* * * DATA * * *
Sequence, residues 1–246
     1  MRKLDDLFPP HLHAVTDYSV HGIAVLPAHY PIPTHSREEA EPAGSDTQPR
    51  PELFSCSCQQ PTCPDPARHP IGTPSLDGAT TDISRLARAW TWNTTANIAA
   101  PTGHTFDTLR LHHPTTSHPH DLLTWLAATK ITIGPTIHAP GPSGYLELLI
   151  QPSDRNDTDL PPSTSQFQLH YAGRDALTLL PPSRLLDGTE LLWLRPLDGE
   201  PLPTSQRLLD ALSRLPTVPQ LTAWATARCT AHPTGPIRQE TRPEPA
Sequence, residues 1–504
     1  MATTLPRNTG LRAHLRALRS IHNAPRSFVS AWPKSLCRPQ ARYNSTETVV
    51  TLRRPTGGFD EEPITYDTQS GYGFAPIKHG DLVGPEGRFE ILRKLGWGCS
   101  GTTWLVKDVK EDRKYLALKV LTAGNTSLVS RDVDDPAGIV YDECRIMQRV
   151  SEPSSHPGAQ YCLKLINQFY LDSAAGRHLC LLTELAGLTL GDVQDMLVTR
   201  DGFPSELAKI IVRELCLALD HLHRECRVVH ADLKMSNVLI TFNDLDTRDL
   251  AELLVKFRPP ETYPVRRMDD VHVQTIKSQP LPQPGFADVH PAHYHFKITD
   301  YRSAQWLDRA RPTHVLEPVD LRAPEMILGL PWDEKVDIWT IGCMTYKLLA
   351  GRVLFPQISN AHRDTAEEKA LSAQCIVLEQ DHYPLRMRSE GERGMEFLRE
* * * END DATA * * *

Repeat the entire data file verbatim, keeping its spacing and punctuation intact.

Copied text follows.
Sequence, residues 1–246
     1  MRKLDDLFPP HLHAVTDYSV HGIAVLPAHY PIPTHSREEA EPAGSDTQPR
    51  PELFSCSCQQ PTCPDPARHP IGTPSLDGAT TDISRLARAW TWNTTANIAA
   101  PTGHTFDTLR LHHPTTSHPH DLLTWLAATK ITIGPTIHAP GPSGYLELLI
   151  QPSDRNDTDL PPSTSQFQLH YAGRDALTLL PPSRLLDGTE LLWLRPLDGE
   201  PLPTSQRLLD ALSRLPTVPQ LTAWATARCT AHPTGPIRQE TRPEPA
Sequence, residues 1–504
     1  MATTLPRNTG LRAHLRALRS IHNAPRSFVS AWPKSLCRPQ ARYNSTETVV
    51  TLRRPTGGFD EEPITYDTQS GYGFAPIKHG DLVGPEGRFE ILRKLGWGCS
   101  GTTWLVKDVK EDRKYLALKV LTAGNTSLVS RDVDDPAGIV YDECRIMQRV
   151  SEPSSHPGAQ YCLKLINQFY LDSAAGRHLC LLTELAGLTL GDVQDMLVTR
   201  DGFPSELAKI IVRELCLALD HLHRECRVVH ADLKMSNVLI TFNDLDTRDL
   251  AELLVKFRPP ETYPVRRMDD VHVQTIKSQP LPQPGFADVH PAHYHFKITD
   301  YRSAQWLDRA RPTHVLEPVD LRAPEMILGL PWDEKVDIWT IGCMTYKLLA
   351  GRVLFPQISN AHRDTAEEKA LSAQCIVLEQ DHYPLRMRSE GERGMEFLRE